Gender-Disaggregated Tax Data in Addressing Inequality: A Zambian Success Story

This blog was written by Ishmael Zulu, Policy Officer of Tax and Equity at Tax Justice Network Africa

Comprehensive and nuanced data are essential for understanding and tackling gender inequality. An often overlooked aspect is gender-disaggregated tax data, which can provide valuable insights into the differential impact of tax systems on men and women. This data is crucial for shaping tax policies that alleviate or exacerbate existing inequalities.

The role of revenue authorities in producing and sharing gender-disaggregated tax data is crucial. Such data enables policymakers to identify variations in tax burdens and benefits among genders, revealing underlying biases. It also helps formulate or revise tax policies to address specific gender-related gaps and foster transparency and accountability by making the data publicly available.

Moreover, gender-disaggregated tax data aids in comprehensive socio-economic planning by illustrating how fiscal policies influence different demographic groups. Zambia’s experience exemplifies the transformative power of advocating for such data, as seen in the efforts led by the Fair Tax Monitor (FTM) Report (Tax and Gender themed) in collaboration with organisations like the Consumer Unity and Trust Society (CUTS), Oxfam, and Tax Justice Network Africa (TJNA).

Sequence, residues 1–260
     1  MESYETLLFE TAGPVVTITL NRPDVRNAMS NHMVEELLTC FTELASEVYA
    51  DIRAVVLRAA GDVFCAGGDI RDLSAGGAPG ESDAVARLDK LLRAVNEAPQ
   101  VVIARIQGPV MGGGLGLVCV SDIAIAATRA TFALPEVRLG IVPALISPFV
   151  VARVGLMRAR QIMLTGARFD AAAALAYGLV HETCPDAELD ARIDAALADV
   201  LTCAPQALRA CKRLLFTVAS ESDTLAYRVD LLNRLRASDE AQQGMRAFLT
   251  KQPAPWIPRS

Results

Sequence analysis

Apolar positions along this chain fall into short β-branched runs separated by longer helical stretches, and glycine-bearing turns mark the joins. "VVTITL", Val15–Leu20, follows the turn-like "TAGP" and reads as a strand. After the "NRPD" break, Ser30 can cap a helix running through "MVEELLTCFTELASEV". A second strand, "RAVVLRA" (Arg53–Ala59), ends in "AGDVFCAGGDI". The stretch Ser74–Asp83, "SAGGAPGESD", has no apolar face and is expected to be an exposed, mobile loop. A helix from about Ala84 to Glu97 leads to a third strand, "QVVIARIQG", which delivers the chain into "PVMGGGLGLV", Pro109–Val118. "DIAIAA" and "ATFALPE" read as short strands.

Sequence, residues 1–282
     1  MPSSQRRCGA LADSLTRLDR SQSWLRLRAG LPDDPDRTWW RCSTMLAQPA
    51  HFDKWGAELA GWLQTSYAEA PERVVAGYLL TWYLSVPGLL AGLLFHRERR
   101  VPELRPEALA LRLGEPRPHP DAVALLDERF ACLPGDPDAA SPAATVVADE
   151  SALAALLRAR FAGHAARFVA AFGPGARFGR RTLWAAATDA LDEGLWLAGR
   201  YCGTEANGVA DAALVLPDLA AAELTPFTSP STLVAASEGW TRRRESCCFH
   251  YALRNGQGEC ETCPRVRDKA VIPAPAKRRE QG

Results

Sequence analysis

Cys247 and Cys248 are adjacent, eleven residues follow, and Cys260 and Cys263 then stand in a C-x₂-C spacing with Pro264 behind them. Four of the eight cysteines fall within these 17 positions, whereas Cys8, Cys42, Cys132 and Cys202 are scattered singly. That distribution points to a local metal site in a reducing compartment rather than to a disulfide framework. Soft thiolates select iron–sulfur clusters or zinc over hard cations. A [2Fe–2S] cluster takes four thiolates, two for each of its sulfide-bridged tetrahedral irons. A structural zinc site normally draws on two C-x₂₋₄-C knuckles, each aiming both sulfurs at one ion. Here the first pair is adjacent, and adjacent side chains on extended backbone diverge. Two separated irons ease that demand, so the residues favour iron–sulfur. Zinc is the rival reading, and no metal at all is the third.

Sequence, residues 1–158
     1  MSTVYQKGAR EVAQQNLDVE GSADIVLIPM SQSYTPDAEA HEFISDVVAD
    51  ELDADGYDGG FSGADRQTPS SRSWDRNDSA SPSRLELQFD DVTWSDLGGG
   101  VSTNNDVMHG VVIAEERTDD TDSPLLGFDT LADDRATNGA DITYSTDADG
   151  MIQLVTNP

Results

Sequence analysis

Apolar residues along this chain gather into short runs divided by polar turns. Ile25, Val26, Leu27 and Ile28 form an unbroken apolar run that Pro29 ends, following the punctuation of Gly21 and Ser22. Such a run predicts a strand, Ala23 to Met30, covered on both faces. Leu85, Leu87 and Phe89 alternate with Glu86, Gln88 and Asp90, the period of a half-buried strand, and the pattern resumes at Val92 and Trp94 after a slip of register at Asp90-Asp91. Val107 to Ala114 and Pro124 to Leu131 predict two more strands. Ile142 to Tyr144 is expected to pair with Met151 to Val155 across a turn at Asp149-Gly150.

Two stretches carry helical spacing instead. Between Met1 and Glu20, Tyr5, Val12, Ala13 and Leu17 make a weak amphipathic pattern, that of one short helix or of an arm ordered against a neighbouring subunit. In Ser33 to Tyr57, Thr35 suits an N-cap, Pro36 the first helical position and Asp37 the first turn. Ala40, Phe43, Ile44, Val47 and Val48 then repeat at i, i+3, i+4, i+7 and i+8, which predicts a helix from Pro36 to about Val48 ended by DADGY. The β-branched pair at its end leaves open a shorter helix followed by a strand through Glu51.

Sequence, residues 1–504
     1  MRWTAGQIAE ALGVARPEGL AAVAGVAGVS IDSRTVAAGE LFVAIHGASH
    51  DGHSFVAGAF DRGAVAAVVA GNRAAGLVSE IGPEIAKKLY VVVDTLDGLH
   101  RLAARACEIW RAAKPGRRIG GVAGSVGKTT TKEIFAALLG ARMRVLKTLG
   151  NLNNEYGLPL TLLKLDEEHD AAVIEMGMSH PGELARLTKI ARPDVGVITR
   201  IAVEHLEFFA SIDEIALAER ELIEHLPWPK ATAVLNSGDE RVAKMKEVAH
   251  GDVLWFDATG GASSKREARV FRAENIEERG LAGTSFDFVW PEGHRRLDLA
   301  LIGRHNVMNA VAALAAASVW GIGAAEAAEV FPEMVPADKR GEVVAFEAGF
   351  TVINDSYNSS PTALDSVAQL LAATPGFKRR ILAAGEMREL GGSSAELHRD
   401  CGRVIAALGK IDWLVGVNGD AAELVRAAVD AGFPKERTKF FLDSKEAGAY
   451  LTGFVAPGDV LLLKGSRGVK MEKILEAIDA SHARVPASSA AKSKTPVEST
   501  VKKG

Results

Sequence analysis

The advocacy initiatives in Zambia drew attention to the absence of gender-disaggregated tax data and its policy implications. Through persistent engagement with the Zambia Revenue Authority (ZRA), stakeholders emphasised the importance of incorporating gender-sensitive tax data to promote fair economic policies. This advocacy led to a significant milestone in 2022 when the ZRA, influenced by these efforts, released gender-disaggregated tax data for the first time in the Tax Statistics Bulletin.

By including this data, the ZRA showcased a commitment to transparency and responsiveness to civil society demands. The availability of gender-disaggregated tax data empowers stakeholders to advocate for more equitable tax systems by understanding the differential impacts on men and women.

In summary, the publication of gender-disaggregated tax data by revenue authorities, exemplified by the ZRA in Zambia, is pivotal for addressing and mitigating gender disparities. The success of the FTM Report’s advocacy underscores the significance of civil society engagement in driving systemic transformations. This accomplishment not only establishes a precedent for other nations but also underscores the crucial role of detailed data in shaping policies that advance gender equality and economic fairness.